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Medicaid Redeterminations Create New Financial Challenges for Hospitals


Hospitals and health systems have been operating in the most challenging financial environment in history, and now they face another looming headwind—the impact of Medicaid redeterminations.

Hospitals and health systems have been operating in the most challenging financial environment in history, and now they face another looming headwind—the impact of Medicaid redeterminations.

As of late July, more than 3.6 million Americans have been disenrolled from Medicaid, a process that began after the federal government ended the COVID-19-related declaration of a public health emergency (PHE), according to the Kaiser Family Foundation (KFF). As the number inevitably grows, it is likely to exact a toll on hospitals in terms of lower reimbursement, more bad debt, more charity care, increased emergency department (ED) utilization, and challenges for revenue cycle management (RCM) leaders.

Medicaid redeterminations are occurring at a particularly vulnerable time for US hospitals, many of which are still reeling financially and operationally from the effects of the pandemic and subsequent labor shortages. For example, the median year-to-date operating margin index for hospitals was 0.0% in April, according to Kaufman Hall. With operating margins remaining at or below zero, hospitals have little financial flexibility to grapple with new obstacles.

A significant contributing factor to tight margins has been escalating labor costs, a separate report from Becker’s Hospital Review found. Specifically, labor expenses for health systems increased 20% between March 2022 and March 2023, driven primarily by the growth of contract labor. In 2023, contract labor wages have remained more than 150% higher than prepandemic levels.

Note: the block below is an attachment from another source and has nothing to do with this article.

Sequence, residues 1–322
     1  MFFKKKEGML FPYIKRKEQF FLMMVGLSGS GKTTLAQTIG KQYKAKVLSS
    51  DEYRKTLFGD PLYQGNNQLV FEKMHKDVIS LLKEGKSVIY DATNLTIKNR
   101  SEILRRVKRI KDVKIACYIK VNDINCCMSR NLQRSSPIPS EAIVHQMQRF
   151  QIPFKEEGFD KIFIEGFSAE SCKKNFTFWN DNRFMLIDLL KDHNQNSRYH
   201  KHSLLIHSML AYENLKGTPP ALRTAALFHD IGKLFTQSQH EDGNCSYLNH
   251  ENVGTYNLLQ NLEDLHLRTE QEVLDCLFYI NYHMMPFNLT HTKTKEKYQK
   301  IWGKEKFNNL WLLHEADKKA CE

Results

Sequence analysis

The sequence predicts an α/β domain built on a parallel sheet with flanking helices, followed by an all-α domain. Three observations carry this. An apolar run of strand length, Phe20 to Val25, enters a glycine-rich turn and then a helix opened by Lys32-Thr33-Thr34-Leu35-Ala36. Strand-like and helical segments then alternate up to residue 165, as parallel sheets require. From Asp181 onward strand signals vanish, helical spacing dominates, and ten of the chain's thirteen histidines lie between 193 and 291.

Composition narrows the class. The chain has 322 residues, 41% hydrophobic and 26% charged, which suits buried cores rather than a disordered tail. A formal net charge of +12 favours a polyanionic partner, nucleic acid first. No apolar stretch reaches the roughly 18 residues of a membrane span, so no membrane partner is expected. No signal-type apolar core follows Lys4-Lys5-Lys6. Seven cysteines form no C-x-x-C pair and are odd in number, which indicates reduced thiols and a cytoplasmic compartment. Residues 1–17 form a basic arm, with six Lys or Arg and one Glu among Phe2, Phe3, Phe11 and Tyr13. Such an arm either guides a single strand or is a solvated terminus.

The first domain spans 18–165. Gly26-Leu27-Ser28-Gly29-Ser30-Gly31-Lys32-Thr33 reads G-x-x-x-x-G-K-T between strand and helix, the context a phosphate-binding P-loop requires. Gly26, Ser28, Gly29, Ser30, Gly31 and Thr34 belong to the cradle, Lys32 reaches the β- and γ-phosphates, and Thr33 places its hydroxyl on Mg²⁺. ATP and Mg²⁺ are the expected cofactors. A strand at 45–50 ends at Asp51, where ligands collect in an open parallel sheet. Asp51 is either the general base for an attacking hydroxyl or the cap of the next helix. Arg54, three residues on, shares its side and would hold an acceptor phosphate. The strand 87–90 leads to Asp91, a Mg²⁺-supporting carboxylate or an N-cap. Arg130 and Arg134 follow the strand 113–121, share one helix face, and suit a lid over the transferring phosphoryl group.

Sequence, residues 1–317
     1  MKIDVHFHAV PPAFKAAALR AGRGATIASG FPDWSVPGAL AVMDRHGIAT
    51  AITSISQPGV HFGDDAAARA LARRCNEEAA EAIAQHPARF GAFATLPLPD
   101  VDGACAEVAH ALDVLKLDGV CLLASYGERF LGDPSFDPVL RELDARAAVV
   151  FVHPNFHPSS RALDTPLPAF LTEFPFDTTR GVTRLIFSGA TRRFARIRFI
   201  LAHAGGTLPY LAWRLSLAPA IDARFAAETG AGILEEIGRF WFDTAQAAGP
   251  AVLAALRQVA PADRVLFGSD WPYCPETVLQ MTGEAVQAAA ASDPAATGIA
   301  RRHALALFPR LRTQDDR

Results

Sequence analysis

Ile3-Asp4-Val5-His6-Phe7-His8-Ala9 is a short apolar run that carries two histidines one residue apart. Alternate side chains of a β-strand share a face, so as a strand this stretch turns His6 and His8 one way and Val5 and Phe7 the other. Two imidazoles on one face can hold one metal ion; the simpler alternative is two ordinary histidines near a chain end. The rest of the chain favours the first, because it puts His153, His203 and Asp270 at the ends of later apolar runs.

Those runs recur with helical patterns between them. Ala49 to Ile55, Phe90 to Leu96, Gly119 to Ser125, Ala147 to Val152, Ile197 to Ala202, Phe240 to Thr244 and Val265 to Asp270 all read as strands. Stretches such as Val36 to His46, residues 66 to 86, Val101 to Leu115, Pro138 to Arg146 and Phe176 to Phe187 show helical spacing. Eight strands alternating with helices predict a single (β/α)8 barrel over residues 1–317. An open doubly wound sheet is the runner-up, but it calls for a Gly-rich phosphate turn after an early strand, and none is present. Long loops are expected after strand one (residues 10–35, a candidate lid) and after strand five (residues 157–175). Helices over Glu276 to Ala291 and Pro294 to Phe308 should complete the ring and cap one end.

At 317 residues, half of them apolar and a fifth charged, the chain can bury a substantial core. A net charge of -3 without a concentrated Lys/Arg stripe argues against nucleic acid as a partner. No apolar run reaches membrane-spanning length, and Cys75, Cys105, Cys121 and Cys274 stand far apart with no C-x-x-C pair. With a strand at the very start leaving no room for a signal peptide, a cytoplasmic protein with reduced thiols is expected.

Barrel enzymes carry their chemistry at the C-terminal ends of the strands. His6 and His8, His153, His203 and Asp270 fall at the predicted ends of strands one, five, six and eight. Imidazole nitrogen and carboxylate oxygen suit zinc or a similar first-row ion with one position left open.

As hospitals confront inflated expenses and operating margins that may never recover, they must develop new strategic plans to cope with these new financial realities.

Medicaid Redeterminations Lead to Widespread Loss of Coverage
Near the beginning of the pandemic, the federal government passed a law requiring state Medicaid programs to keep patients continuously enrolled through the end of the PHE in exchange for additional federal funding. The PHE expired earlier this year, along with the continuous enrollment provision, meaning that states can begin redetermining Medicaid patients’ eligibility for the program. State Medicaid agencies must maintain up-to-date contact information for patients and attempt to contact enrollees prior to disenrollment.

The KFF estimates that 8 to 24 million people will lose Medicaid coverage during the unwinding of the continuous enrollment provision, and many of those patients are unlikely to have any idea that it is happening. For example, a survey of Medicaid enrollees found that most were unaware that states could resume disenrollments, and two-thirds said that they have not had a change in income or circumstance that would make them ineligible for Medicaid. These results suggest that many of the patients likely to be disenrolled from Medicaid are still eligible for the program, according to the KFF.